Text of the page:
When you mention Rwanda to most people, they think of it as a highly dangerous place. Their first memory or thought would be the tragedy of the 1994 genocide. You will, however, be amazed by how much the country has come together, grown to rebuild the country, and swore ‘never again’ would they bring their beautiful country down.
Rwanda is actually the safest country in East Africa to travel to. The people are incredibly caring, friendly, hospitable, and welcoming to everyone. You will rarely read anything in the local newspapers about a visitor to Rwanda having safety and security problems during their stay in Rwanda.
Politically, Rwanda is a stable democratic government under the firm leadership and development of a practical and determined visionary, President Paul Kagame.
The Rwandan government fully realizes that it is its sacred duty to ensure the safety of visitors to Rwanda and its citizens. Common trivial safety pitfalls are common in cities worldwide, such as petty theft, credit card fraud, and overcharging, can all be avoided if an individual takes precautionary measures.
Security presence is visible everywhere, ranging from police, hotel security, and tourism police, to ensure you are safe and your stay is undisturbed. Walk around any corner, and you’ll see the officer or army man, don’t fret. They are there to keep you safe. Kigali, Rwanda’s capital, is known as one of Africa’s safest capitals and has turned into a model city for the rest of Africa with its impressive economic growth.
Rwanda has guarded its political stability since the 1994 genocide. Parliamentary elections in September 2018 saw women fill 64% of the seats. The Rwandan Patriotic Front maintained an absolute majority in the Chamber of Deputies. For the first time, two opposition parties, the Democratic Green Party of Rwanda and Social Party Imberakuri, winning two seats each in the parliament. President Paul Kagame was re-elected to a seven-year term in August 2018, following an amendment to the constitution in December 2015, allowing him to serve a third term.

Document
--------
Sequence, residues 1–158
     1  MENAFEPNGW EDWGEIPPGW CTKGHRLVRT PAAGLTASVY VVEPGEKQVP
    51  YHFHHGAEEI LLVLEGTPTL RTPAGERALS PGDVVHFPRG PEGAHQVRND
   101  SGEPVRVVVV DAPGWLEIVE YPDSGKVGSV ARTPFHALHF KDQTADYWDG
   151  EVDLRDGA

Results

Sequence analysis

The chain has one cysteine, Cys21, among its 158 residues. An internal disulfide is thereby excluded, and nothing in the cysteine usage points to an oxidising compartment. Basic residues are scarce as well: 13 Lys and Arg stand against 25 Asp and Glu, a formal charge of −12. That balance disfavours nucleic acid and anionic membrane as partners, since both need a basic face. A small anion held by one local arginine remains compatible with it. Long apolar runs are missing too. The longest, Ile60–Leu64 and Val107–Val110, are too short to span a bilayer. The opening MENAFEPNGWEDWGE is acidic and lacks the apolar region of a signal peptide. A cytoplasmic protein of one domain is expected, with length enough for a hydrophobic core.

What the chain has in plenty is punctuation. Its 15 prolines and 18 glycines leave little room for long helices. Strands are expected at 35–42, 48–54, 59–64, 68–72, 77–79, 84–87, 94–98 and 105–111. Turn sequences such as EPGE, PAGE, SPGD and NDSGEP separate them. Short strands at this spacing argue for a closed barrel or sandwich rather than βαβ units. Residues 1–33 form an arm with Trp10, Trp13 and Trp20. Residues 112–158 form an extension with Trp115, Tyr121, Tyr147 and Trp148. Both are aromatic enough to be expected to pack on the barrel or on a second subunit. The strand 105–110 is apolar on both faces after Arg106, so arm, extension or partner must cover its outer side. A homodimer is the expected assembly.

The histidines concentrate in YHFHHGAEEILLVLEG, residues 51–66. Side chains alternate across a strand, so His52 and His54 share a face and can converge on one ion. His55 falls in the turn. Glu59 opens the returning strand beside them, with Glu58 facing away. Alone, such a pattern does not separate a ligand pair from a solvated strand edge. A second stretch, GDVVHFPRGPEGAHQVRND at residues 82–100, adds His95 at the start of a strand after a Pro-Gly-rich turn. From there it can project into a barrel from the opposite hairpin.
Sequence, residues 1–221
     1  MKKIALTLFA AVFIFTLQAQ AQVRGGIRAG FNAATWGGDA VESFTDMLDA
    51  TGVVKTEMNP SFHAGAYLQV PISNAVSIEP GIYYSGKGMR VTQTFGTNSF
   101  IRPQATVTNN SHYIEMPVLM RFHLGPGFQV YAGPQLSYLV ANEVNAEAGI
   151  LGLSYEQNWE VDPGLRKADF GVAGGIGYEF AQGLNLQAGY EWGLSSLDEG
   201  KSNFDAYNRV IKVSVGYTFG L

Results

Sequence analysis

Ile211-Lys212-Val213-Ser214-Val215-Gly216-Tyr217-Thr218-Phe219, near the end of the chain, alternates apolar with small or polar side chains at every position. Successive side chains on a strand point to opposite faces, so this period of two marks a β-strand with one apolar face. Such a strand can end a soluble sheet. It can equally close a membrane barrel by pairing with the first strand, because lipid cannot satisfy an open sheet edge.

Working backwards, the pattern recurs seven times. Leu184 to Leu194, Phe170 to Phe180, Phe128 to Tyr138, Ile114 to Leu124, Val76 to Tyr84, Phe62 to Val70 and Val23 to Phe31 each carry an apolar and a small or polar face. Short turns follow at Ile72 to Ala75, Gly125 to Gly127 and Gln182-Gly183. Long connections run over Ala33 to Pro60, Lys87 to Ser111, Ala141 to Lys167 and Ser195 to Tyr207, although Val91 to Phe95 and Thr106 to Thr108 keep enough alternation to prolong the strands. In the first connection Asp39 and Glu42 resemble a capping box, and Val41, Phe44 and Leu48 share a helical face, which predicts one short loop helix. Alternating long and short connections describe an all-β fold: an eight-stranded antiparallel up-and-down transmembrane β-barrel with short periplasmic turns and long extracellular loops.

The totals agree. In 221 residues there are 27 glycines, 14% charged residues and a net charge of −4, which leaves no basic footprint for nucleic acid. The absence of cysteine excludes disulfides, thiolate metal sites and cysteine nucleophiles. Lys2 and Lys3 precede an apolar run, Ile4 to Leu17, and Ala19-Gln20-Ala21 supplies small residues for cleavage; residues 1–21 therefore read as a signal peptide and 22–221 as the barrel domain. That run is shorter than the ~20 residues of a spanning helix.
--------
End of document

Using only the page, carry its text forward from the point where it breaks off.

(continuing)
Under President Kagame’s leadership, the country has progressively rebuilt into a vibrant economic nation with an emphasis on community growth and preserving its natural resources. According to the World Bank, Rwanda aspires to reach Middle Income Country (MIC) status by 2035 and High-Income Country (HIC) status by 2050.
The World Economic Forum ranked Rwanda as the 9th safest country in 2017, ahead of Qatar, Luxembourg, Portugal, New Zealand, Austria, Estonia, Sweden, Slovenia, Spain, Netherlands, and Morocco. The rankings consider the effects of ordinary crime and violence and terrorism and how police services can be relied upon to protect from crime.
The Rwandan government and community have worked tirelessly to recover from the 90’s violence. A visit to the genocide museum in Kigali will give you a historical experience highlighting both the dark and light times of the country’s past.
Strict laws prohibit the promotion of ideas regarding genocide based on ethnic, regional, racial, religious, language, or other divisive characteristics. Public incitement of “genocide ideology” or “divisionism,” including genocide denial, discrimination, and sectarianism, is punishable by five to nine years in prison and fines of 100,000 to 1,000,000 Rwandan francs.